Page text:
Thursday, May 11, 2006

Little Star

It's not easy being a dad.

It's also not all that hard.

Andi Watson knows this, and sets it down in Little Star from Oni Press. After drawing raves in it's original monthly release, the series is now collected in a trade paperback. There's not much extra here if you've read the series already, but this digest-sized novel is a perfect way to wrap it up as a Father's Day present when that time rolls around. And an excellent present it would make, as fatherhood is as the heart of Little Star.

With simple, cartoonish characters that have the feel of classic magazine illustration, Andi Watson tells short stories about life as an involved dad. Though some themes and storylines weave through the series, it's mainly vignettes about the challenges of fatherhood. The lead character, Simon Adams, works part-time in a porcelain factory filling in as needed after giving up a career as a designer. As a father who works at home and who is very involved with his kids, I found it all familiar: difficulties with finances, the balance of job and family, the early morning waking, and the often painful reminders that at times you're simply not Mom and never can be. The tone of the book rings true to me, as it never strays to the maudlin on either side. This isn't about the drudgery and sacrifice, nor is it a tearjerker about the beauty of parenthood. It's largely a recording, a setting-down of the thoughts and experiences of life as a father. Watson makes it clear that Simon's sacrifices are worth it, but it's not in a moment of transcendent beauty: like everything else in Little Star it is a small and balanced epiphany.

What shone for me in Little Star was the balance of it all. There's an extended section near the end of the book where Watson describes fatherhood as a "very long shopping list of contradictory emotions often experienced simultaneously", and that feeling and viewpoint saturates almost every page. This series almost feels odd in a collected format, because part of the point is that being a father doesn't all hang together. Though there's a symbolic framework here that lends it a sense of wholeness, Little Star is about the details of the day-to-day. There's no defining message there that "fatherhood is _____", rather a message that "fatherhood is _____ then it's _____ then _____ and then it's tea time". It is about the dichotomies and frictions that make fatherhood simultaneously challenge and reward. At times Little Star feels like it will spin itself apart with these contradictions, but it all manages to hang together ... just like Simon.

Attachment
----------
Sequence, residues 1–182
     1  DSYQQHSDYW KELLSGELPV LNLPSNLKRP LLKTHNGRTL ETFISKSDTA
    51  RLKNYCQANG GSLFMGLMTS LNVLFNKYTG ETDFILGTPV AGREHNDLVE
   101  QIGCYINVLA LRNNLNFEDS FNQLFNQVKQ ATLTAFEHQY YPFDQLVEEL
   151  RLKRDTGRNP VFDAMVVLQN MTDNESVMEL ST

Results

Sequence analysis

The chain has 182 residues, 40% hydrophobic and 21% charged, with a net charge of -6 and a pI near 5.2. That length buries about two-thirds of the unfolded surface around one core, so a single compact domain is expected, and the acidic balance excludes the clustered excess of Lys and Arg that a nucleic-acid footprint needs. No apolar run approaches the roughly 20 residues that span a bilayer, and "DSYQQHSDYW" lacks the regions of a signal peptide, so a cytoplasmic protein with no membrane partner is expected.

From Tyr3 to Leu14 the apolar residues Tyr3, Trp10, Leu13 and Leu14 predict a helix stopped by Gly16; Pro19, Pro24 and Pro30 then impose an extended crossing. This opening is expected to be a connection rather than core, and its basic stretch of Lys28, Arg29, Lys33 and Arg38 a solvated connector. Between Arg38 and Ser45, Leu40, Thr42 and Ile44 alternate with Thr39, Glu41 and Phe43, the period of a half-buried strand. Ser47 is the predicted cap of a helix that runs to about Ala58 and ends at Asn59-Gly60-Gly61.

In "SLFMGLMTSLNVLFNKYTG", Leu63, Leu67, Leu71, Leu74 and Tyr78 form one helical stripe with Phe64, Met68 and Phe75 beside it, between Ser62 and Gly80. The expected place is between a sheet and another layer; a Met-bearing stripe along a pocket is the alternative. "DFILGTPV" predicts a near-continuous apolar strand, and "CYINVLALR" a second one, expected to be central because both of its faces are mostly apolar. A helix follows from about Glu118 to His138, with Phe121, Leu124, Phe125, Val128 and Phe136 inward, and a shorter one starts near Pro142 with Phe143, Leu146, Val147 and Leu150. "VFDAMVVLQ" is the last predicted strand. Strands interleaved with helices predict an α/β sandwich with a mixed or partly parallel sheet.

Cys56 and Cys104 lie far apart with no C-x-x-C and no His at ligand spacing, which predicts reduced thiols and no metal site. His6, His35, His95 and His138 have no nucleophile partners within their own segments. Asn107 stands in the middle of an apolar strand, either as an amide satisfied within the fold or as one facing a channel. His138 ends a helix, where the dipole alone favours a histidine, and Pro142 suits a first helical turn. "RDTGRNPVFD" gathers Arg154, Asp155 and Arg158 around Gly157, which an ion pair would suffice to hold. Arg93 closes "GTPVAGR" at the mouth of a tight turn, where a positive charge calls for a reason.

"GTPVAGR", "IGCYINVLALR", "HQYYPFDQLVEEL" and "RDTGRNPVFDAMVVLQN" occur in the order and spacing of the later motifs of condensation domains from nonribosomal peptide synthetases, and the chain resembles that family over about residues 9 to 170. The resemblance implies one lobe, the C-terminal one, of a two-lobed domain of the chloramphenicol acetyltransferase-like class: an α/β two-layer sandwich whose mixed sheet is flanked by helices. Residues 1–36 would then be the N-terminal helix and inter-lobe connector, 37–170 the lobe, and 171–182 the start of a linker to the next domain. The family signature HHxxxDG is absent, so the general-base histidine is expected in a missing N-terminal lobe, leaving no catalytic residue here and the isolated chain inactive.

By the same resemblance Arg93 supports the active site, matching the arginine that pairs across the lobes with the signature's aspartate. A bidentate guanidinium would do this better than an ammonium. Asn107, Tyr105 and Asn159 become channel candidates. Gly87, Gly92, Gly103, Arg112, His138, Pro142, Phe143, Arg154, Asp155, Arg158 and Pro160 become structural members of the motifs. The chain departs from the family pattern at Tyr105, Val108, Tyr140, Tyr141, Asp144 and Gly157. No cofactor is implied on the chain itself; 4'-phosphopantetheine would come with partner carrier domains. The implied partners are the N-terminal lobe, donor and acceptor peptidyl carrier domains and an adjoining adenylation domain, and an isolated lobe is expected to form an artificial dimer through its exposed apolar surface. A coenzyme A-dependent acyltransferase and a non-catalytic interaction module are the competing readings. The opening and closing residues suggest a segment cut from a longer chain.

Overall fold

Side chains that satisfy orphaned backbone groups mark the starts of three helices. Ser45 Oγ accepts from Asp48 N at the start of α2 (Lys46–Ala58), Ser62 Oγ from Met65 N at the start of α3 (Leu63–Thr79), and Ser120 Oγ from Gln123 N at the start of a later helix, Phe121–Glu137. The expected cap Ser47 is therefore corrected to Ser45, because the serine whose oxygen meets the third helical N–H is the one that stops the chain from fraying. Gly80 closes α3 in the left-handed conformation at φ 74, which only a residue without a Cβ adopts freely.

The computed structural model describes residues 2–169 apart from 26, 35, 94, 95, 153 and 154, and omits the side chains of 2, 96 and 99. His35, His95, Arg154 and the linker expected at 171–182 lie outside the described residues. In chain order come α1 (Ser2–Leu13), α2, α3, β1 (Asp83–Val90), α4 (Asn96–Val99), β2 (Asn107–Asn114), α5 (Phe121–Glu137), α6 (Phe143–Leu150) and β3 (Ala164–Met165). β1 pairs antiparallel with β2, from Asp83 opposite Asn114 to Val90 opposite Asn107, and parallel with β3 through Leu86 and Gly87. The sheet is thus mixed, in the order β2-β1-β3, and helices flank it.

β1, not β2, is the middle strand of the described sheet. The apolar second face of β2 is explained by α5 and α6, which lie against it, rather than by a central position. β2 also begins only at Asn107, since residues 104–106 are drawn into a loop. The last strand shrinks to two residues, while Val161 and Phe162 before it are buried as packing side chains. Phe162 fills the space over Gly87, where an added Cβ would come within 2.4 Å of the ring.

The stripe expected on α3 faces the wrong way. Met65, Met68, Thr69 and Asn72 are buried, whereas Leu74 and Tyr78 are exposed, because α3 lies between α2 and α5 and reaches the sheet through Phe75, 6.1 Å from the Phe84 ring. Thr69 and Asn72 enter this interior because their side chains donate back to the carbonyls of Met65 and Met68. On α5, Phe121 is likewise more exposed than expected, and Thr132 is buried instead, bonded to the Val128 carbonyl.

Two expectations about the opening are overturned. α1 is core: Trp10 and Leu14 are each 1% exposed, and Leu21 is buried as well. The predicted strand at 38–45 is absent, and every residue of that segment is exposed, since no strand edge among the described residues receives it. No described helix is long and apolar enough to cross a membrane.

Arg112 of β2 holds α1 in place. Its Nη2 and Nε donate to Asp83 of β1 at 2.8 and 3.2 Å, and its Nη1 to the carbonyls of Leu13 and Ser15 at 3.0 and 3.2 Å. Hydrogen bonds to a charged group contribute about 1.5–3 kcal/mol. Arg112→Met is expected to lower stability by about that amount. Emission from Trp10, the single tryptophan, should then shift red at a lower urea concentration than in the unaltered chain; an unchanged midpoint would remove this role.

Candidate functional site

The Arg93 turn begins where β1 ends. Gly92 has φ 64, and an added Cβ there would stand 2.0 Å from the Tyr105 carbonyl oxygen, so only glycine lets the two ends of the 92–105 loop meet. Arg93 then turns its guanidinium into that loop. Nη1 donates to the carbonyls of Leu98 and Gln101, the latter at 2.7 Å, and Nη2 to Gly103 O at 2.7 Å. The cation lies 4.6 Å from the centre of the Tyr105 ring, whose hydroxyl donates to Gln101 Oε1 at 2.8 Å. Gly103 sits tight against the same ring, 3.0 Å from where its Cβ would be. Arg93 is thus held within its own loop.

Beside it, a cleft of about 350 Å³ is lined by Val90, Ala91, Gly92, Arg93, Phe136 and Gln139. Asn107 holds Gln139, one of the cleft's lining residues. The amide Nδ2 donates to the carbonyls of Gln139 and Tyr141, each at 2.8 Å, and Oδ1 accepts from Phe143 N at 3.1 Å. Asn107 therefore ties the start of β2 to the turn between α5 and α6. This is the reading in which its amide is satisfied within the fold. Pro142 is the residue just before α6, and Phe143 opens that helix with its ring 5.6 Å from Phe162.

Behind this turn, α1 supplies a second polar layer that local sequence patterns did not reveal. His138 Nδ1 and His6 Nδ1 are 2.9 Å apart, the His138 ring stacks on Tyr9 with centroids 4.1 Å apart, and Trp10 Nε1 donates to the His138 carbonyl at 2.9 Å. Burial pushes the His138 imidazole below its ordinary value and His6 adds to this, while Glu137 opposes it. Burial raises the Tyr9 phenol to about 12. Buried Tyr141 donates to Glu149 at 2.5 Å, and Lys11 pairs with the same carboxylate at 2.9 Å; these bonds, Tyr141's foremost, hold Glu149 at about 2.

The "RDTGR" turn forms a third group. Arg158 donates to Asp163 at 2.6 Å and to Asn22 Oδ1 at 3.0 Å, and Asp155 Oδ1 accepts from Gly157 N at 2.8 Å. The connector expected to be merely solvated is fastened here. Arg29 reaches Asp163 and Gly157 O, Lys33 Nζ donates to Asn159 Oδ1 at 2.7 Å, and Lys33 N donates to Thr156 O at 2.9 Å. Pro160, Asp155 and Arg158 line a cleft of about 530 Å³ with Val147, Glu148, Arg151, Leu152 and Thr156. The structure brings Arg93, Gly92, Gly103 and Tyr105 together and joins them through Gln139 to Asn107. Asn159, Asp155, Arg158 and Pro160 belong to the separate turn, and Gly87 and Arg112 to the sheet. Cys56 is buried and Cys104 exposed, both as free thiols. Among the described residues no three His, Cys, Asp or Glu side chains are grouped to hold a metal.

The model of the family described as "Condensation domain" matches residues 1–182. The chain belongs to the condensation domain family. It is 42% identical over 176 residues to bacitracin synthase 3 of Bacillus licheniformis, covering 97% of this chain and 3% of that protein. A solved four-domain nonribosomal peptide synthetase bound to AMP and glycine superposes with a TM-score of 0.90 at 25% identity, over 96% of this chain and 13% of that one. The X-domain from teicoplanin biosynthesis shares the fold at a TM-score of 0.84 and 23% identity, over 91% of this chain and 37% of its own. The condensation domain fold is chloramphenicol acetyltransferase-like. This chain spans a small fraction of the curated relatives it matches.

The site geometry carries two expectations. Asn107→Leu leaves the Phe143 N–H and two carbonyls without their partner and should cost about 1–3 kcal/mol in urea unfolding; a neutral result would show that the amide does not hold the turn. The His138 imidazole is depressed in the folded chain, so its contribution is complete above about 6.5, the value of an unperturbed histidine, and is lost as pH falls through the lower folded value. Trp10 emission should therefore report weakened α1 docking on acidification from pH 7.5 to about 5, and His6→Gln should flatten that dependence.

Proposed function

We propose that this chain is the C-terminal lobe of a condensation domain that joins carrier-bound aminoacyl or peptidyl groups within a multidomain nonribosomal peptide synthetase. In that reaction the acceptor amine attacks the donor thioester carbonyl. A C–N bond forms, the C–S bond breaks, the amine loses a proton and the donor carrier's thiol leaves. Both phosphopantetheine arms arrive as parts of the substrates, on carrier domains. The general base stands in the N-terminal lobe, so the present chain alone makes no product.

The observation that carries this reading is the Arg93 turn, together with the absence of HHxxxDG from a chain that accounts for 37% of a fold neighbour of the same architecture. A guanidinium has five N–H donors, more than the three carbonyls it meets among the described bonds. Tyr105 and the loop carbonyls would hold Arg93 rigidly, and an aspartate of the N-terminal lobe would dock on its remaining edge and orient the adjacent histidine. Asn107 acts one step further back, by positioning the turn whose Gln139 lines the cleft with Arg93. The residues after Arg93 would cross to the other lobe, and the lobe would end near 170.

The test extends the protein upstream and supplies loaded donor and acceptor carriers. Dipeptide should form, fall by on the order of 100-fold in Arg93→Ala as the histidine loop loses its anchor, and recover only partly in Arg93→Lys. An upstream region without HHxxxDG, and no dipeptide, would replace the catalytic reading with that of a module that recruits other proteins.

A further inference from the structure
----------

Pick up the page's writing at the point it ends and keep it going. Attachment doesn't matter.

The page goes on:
Little Star
is a book that looks at a subject that's often far outside what comics address. Even the indy comics scene primarily concerns itself with the cares of youth, and it's great to read something that reflects my life. I completely recommend it, and hope I'll see more of Simon Adams and his adventures in fatherhood in the future.


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